All this is possible; and, for the moment, we need not go into the matter. But that, possessing the secret of this force and of many others, transmitted from Hierophant to Candidate, or, as they say "from mouth to ear," the experts in occult science do not divulge it and place it at the service of humanity: this is the great reproach brought against them; and for all those who are not aware that the end of Initiation is not power and material happiness but wisdom, development and the uplifting of the inner being it is the best proof that they are cheats and impostors. It may be that, driven into a corner, they are silent because they have nothing to tell us; but the argument is not so unanswerable as those who avail themselves of it are inclined to think. We shall perhaps see this before long. It is indeed not impossible that one day some accident of knowledge will place one or other of our scientists in a position analogous to that of these Masters or Initiates. To him also the terrible question of the necessary silence will then present itself. We have but lately witnessed in this war the insensate and demoniacal use which man has made of certain inventions. What will happen if other energies are placed in his hands, energies far more formidable, which we seem to be on the point of discovering and releasing?

Man is not ready to know more of such matters than he now knows. The safety of the species is at stake. Humanity, which is hardly emerging from its infancy, or has only just attained the dangerous period of adolescence (it would be about sixteen or seventeen years of age, according to Dr. Jaworski's well-supported and striking historic parallel), has already passed the limit of the inventions which it is able to assimilate or endure without incurring the risk of death. Almost all of them, from the subjection of steam and the still dubious taming of electricity, have done it incomparably more harm than good. Explosives, for example; which have helped it to build a few roads -- a work which the Romans, for that matter, did quite as well as we do -- to open up a few mines, to pierce a few tunnels, have cost it millions of young lives.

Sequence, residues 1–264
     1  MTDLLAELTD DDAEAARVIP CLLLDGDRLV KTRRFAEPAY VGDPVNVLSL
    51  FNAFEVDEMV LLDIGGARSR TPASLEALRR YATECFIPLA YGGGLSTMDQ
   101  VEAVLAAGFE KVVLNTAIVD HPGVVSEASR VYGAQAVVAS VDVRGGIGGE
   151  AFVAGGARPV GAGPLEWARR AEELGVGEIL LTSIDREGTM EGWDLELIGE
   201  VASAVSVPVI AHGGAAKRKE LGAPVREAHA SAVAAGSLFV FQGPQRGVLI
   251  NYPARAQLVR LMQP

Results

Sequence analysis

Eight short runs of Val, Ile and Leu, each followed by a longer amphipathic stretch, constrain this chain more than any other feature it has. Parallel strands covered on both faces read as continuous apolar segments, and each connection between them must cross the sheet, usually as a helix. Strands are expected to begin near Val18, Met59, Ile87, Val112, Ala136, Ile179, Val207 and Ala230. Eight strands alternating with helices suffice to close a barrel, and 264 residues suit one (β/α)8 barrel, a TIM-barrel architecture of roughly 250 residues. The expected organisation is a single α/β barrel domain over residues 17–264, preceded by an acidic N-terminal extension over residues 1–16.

Perhaps it is time, not to check the investigations of science, but to control its discoveries and to reserve, as the occultists wisely did, for a select circle of Initiates, rigorously tested and bound by inviolable oaths, the secret of those too perilous energies around which we are feeling our way and which are on the point of revealing themselves and becoming public property.

Our moral evolution is several centuries behind our scientific evolution; and it is more than probable that the latter, being too swift and too intensive, may disastrously impede the former. It will profit no one to travel in three hours from Paris to Pekin, from Pekin to New York and from New York to Calcutta, if these repeated and miraculous journeys leave those who take them in the same frame of mind on their arrival as on their departure. We are more or less in the same position as Russia, whose heart and spirit were not steadfast enough, not resolute enough, to bear what the head had too quickly and too artificially stored up. Nothing is more quickly disseminated or more readily assimilated than the results of science; nothing, on the other hand, is more slow, more painful or more precarious than moral evolution; and yet it is upon this alone, as we are realizing more and more clearly, that man's happiness and future depend.